I wish I had asked more about his protective factors. Protective factors are things like reasons for living and so I wish I’d been more courageous in sitting with him and exploring the reasons why he wanted to live. I wish I’d asked him, over and over, what would or what could help him want to live.
I wish I had asked him more directly about what would help him control his suicide impulses. I would have asked him who he wanted around to help him. I would have lingered on this and asked, who else, what if that person can’t be there, who else would be your next choice to turn to for help.
One of the big changes in the suicide intervention field is that we no longer ask clients to sign No-Suicide contracts. Instead, we work to collaboratively develop a safety plan. As a part of this different focus, I wish I had clearly and unequivocally said to him: “I WANT YOU TO LIVE.” This is different than arguing with clients about their right or need to commit suicide. We should never argue against suicide because that can activate client resistance and make the act even more likely. But the language, “I WANT YOU TO LIVE” is just a self-disclosure and is therefore unarguable. It clearly communicates the intent to help.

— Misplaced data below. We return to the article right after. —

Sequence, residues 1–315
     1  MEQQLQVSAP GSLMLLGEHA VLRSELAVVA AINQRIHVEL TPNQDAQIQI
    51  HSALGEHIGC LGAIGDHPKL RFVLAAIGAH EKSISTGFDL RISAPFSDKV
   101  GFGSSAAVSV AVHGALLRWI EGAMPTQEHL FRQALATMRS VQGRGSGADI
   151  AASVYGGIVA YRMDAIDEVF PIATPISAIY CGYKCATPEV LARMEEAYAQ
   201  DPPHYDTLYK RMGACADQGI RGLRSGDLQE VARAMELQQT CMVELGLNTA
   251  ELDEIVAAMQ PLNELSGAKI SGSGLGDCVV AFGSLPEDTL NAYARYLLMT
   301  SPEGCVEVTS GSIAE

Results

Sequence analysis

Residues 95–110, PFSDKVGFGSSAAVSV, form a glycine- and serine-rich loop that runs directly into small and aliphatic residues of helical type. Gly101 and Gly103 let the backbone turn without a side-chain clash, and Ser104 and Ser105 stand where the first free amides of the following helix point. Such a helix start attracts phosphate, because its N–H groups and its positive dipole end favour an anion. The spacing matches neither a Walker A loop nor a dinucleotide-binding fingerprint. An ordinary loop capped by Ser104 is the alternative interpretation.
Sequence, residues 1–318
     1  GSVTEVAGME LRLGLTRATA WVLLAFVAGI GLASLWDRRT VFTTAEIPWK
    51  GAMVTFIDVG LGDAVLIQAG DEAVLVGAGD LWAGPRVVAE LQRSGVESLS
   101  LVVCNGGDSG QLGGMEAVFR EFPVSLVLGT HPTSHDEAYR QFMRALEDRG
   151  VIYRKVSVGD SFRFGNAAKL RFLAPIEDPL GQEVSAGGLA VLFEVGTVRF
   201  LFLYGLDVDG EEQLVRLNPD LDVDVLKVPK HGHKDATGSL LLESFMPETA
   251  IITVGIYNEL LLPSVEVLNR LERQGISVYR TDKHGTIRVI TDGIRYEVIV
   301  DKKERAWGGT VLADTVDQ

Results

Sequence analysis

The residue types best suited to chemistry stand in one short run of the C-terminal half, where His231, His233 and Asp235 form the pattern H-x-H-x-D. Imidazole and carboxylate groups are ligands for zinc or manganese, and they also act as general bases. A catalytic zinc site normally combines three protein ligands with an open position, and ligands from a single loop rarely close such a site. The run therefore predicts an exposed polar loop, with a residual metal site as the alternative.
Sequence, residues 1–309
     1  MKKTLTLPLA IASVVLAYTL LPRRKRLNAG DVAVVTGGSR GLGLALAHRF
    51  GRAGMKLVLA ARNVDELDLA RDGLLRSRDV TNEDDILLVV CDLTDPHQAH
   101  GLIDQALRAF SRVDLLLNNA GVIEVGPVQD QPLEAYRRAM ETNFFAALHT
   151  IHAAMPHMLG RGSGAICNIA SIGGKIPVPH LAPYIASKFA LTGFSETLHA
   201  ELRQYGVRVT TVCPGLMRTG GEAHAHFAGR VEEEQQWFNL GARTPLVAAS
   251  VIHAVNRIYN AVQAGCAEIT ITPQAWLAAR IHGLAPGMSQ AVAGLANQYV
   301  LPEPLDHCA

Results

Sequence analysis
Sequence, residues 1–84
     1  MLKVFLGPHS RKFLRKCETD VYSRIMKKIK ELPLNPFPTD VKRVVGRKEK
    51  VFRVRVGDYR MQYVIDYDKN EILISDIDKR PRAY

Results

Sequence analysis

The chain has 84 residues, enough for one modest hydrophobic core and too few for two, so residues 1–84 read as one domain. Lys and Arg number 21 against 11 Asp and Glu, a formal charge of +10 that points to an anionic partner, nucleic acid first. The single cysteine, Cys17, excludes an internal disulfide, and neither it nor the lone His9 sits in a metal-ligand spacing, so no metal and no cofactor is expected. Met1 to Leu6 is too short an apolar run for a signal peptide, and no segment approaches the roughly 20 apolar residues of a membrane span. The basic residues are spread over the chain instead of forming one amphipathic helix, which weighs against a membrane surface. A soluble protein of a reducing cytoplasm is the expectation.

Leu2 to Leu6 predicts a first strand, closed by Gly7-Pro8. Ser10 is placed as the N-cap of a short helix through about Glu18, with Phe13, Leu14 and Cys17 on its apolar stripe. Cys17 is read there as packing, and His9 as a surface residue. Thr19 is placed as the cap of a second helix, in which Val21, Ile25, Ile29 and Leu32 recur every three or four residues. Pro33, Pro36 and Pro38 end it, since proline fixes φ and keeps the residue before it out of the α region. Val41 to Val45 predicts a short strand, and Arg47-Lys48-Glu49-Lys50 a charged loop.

Overall, I should have been MORE BALANCED and asked about what my client was doing when his depressive symptoms were gone. I should have asked about what he hoped for today and tomorrow and into the future. I should have asked him more about what brought a little light into his darkness. We should have brainstormed how to bring the light in when he was feeling down.
One problem with the old No-Suicide contracts is that clients sometimes viewed them as designed more to protect the counselor than the client. Obviously this is backward and not the sort of message we want to give clients who are suicidal. And so no-suicide contracts are out . . . and collaborative safety plans are in. What this requires is for counselors to dig in deeper and explore together specifically what the client is willing to do if the suicidal impulses come.